Interested in acquiring a hosting company when you want to begin your own startups? Here are a list of questions that you may ask yourself before making a deal. But all considerations go back to one term, customers.
There is a thread here posted today asking if someone would like to buy an existing hosting company. The starter of the thread did not give very detailed information in the beginning, and neither did he/she add enough for potential buyers’ evaluation. A few followers sent their questions then, hoping to extract their desired and relevant answers. The various questions range from the geolocation of the mentioned company to the number of currently contracted clients, and even some mentioned the expected acquisition price/quotation. However, it looks that these inquiries have not touched the key issues of an acquisition until someone replied with the following questions (I hereby repost all the content below).
How sticky is those 300 customers currently contracted even though not a lot. Will also depends on how good the reputation of the brand is.
The worth will depends on:
- active customer base/growth (not losing yearly or monthly)
- how servers/services are used (co-location) (own-hw)
- how many staff are employed as offshore or onsite?
- how expandable that is.
if 6000$ can generate 14000$, that isn’t so bad biz. If can share 7-8 years financial data, the worth will be even more.
From the questions, you may see it that the high priority is put on the customers, a key source of momentum of a company’s growth, and of course, of its profits. When some people focus their attention on the places of company registration which may be due to considerations of tax related issues, or to law enforcement implementations, and yet some on details of the selling or signing contracts, people interested tend to ignore the core value and competitiveness that guarantee the sustainability of the acquired company.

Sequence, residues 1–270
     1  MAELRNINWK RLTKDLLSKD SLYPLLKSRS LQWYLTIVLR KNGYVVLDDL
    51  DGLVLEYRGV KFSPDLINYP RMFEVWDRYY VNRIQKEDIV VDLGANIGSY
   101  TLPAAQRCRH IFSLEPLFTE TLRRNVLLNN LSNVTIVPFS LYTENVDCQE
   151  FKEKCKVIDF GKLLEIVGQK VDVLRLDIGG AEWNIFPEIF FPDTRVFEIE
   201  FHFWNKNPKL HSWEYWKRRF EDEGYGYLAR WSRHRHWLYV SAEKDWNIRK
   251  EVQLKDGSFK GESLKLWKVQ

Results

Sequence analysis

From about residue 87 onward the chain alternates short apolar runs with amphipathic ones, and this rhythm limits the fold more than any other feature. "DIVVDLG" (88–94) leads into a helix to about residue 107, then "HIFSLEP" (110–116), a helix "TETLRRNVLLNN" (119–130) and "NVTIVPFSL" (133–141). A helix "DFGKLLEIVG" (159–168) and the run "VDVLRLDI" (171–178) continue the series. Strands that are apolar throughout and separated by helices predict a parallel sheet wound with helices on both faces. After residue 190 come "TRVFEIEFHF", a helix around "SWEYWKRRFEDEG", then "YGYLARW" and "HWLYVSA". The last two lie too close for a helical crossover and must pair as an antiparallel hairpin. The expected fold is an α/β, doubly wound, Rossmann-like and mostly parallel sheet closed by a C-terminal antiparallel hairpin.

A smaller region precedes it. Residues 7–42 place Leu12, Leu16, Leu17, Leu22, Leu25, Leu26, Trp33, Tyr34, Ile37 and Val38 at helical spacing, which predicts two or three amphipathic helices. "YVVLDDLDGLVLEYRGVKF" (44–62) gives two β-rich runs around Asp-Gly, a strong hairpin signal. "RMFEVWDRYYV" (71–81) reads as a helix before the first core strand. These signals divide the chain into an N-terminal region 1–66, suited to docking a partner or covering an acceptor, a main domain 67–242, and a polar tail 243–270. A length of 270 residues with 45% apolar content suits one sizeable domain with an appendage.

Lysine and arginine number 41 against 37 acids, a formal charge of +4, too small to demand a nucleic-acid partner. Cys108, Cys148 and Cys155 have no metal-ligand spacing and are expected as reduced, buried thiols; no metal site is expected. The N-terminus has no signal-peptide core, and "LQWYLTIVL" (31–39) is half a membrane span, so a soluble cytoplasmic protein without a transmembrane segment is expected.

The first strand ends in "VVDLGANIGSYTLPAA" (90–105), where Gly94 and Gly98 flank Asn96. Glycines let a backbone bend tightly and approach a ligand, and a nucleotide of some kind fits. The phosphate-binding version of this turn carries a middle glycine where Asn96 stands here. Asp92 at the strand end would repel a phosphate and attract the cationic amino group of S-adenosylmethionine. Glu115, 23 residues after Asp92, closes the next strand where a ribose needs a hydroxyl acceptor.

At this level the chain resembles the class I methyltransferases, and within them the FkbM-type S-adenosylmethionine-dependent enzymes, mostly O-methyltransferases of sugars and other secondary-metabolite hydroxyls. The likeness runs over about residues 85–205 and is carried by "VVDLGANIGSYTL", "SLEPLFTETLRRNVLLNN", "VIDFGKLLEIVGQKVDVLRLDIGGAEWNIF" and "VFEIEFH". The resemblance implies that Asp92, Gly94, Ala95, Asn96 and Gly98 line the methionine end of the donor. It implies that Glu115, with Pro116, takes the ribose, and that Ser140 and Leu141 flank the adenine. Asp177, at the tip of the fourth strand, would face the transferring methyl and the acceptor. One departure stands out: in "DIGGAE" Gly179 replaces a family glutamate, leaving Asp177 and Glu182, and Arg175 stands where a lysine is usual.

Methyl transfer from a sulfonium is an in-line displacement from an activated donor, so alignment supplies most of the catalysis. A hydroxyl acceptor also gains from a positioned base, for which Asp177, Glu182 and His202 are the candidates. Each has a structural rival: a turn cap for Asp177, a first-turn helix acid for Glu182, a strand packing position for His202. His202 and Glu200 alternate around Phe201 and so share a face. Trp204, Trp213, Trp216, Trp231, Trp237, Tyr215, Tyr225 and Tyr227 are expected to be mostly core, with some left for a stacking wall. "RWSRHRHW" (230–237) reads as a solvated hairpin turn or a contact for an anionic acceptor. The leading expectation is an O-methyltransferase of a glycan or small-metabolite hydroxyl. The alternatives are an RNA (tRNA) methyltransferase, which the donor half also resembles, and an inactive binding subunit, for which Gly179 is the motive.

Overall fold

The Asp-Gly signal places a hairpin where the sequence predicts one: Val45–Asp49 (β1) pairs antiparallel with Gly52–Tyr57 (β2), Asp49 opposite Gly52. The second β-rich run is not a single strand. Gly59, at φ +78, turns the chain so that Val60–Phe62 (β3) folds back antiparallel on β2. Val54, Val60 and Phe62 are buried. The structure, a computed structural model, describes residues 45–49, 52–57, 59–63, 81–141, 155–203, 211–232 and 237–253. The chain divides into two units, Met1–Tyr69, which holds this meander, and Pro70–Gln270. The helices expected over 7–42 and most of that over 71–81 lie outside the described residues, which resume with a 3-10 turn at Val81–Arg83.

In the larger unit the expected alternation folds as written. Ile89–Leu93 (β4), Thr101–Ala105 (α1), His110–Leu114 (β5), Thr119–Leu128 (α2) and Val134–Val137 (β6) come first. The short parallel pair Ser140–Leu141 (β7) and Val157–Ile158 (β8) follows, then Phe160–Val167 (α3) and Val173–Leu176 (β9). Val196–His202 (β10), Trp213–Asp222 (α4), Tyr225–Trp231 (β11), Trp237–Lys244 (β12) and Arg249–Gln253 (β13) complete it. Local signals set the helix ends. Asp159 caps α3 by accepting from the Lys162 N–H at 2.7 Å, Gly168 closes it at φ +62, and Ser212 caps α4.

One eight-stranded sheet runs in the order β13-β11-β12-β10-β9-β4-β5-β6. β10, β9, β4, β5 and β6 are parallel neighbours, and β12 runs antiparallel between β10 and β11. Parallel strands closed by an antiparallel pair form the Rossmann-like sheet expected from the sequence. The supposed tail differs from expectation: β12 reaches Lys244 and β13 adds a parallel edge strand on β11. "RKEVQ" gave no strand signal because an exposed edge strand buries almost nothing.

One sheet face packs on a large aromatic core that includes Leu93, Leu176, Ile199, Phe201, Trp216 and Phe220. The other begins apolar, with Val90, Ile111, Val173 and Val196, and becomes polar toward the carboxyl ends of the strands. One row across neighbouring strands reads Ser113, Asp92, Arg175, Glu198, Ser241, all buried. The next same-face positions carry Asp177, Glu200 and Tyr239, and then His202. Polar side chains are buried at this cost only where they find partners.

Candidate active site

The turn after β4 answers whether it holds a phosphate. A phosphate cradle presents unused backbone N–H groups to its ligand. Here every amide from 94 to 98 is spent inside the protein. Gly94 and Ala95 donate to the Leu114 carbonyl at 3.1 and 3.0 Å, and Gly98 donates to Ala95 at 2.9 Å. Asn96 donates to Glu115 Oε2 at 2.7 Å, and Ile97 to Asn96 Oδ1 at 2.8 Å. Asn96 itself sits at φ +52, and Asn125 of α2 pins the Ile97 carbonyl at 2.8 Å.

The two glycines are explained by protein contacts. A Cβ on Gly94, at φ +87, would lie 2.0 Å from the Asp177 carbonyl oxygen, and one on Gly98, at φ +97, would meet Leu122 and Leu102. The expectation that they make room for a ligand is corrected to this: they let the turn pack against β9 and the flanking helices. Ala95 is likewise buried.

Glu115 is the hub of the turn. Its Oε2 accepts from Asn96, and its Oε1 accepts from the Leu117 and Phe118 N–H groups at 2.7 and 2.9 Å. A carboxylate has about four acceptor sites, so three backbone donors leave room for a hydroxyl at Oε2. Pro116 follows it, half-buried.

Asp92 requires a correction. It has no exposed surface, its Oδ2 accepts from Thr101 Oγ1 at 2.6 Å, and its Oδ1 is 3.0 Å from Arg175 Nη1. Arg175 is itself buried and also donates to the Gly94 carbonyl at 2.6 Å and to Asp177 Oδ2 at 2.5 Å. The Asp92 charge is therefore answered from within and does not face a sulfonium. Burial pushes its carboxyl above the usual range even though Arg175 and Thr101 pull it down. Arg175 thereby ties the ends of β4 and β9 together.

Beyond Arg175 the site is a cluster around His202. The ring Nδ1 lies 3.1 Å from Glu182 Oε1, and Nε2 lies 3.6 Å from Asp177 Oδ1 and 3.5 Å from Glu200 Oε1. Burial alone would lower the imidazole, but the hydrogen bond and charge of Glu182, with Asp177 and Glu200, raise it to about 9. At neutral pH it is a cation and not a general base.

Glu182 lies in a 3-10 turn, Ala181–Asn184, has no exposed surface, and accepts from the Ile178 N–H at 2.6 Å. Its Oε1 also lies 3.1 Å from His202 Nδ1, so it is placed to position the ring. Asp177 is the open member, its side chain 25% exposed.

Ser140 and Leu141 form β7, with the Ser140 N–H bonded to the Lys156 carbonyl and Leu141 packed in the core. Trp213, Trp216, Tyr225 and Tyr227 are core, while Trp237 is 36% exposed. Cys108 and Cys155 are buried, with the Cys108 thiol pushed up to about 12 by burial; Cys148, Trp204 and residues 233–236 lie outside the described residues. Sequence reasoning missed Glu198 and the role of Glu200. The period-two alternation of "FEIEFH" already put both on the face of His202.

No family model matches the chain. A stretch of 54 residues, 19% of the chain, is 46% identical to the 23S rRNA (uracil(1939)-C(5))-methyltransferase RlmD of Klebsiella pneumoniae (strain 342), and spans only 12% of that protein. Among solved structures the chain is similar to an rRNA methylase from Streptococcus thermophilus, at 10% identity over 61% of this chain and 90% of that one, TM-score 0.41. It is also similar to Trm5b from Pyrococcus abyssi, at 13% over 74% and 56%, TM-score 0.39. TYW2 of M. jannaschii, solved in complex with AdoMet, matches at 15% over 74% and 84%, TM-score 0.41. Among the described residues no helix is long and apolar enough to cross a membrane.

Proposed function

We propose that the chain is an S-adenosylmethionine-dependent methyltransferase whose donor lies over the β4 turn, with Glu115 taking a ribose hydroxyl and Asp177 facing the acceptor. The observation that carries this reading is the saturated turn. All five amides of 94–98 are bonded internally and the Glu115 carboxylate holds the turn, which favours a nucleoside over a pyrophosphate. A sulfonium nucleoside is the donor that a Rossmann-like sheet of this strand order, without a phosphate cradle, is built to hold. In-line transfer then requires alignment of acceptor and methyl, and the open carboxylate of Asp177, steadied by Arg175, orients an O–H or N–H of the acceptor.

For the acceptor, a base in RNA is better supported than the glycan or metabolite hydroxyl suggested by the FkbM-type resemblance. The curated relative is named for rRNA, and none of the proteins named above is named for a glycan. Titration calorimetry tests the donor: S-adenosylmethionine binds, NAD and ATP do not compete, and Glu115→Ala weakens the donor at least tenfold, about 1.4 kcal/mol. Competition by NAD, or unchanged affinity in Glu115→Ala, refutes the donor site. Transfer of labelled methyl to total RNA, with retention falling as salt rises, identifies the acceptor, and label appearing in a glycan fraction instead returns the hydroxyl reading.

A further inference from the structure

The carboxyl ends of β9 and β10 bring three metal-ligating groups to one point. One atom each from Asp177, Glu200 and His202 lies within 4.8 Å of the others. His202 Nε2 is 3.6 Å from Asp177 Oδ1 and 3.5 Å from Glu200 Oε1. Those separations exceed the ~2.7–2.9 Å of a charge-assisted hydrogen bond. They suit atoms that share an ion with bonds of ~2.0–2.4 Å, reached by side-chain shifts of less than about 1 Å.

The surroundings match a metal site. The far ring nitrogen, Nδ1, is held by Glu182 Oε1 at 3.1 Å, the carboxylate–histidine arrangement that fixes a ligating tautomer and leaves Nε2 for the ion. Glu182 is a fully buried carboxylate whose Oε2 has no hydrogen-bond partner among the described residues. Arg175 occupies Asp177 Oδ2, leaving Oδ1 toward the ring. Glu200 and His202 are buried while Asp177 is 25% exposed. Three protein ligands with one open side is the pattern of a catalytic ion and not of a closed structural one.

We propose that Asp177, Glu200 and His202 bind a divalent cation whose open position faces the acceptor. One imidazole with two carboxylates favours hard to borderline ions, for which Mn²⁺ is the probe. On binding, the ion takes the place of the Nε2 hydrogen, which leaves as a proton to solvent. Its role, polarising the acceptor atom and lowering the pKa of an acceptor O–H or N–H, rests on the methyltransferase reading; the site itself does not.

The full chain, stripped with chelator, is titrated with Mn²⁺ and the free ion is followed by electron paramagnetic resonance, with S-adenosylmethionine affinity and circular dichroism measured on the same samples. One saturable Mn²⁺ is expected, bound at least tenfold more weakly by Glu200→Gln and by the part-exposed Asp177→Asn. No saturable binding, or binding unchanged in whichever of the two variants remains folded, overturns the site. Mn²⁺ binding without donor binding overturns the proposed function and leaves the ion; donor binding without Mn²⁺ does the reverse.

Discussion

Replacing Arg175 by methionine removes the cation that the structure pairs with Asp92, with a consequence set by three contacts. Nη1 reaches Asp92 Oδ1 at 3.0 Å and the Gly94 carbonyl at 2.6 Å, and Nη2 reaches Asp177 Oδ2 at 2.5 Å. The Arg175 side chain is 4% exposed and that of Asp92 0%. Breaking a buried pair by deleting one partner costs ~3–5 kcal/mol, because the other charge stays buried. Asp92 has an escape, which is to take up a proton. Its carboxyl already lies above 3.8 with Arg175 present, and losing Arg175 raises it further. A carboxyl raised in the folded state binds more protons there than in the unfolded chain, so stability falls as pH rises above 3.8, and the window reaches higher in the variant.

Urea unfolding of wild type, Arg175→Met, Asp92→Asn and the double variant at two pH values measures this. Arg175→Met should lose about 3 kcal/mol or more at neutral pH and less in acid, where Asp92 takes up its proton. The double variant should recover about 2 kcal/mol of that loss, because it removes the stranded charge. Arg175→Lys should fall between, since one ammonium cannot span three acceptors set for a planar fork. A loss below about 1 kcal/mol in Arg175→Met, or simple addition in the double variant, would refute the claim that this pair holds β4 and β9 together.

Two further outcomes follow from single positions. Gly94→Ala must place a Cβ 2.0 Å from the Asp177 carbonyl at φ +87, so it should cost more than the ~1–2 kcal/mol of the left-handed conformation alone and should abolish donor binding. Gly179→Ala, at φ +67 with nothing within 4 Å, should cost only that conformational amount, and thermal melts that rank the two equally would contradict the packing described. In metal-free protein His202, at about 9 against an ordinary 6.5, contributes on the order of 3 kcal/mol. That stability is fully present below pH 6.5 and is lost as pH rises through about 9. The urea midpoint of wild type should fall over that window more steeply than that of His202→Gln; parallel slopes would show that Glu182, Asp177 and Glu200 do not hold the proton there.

The term sticky tells how long the company can expect cash inflow from the market as long as it operates. The stickiness is especially important when the economy or the external business environment is not that favorable or even harsh because customers relying on your business will generate cash flow during the recession and help the company survive.
The good reputation of the brand also rely on the customers, in addition to the company’s investment via advertising. Normally, the reputation is only established after long operations and customers perception plays a key part during the formation of the overall brand recognition. If they don’t trust your brand, or your company, the negative perception will have an impact on your value. The lessened value can surely be a killer when negotiating a satisfactory price with your buyer.
And of course, business needs to grow. In another term, the customer base should expand, better gradually so that you can expect steady income. When I mention expansion, don’t forget that your existing loyal customers are indispensable as when they leave the whole customer base will shrink and become unstable even if the churn is replaced by introducing newcomers.
To sum it up, think about the customers twice when taking (and of course, selling as well) a new company, startups or existing ones. Think about how you would handle relationships with these customers, because mature and successful companies establish ties with customers and make them valuable resources/asset. Also, think about strategies and tactics that can be applied to retain customers so that you can maintain, consolidate or even expand current market share. All these done, you may rely on your sound judgement as how much the acquisition is worth, and make assessment on the input for future ROI evaluation.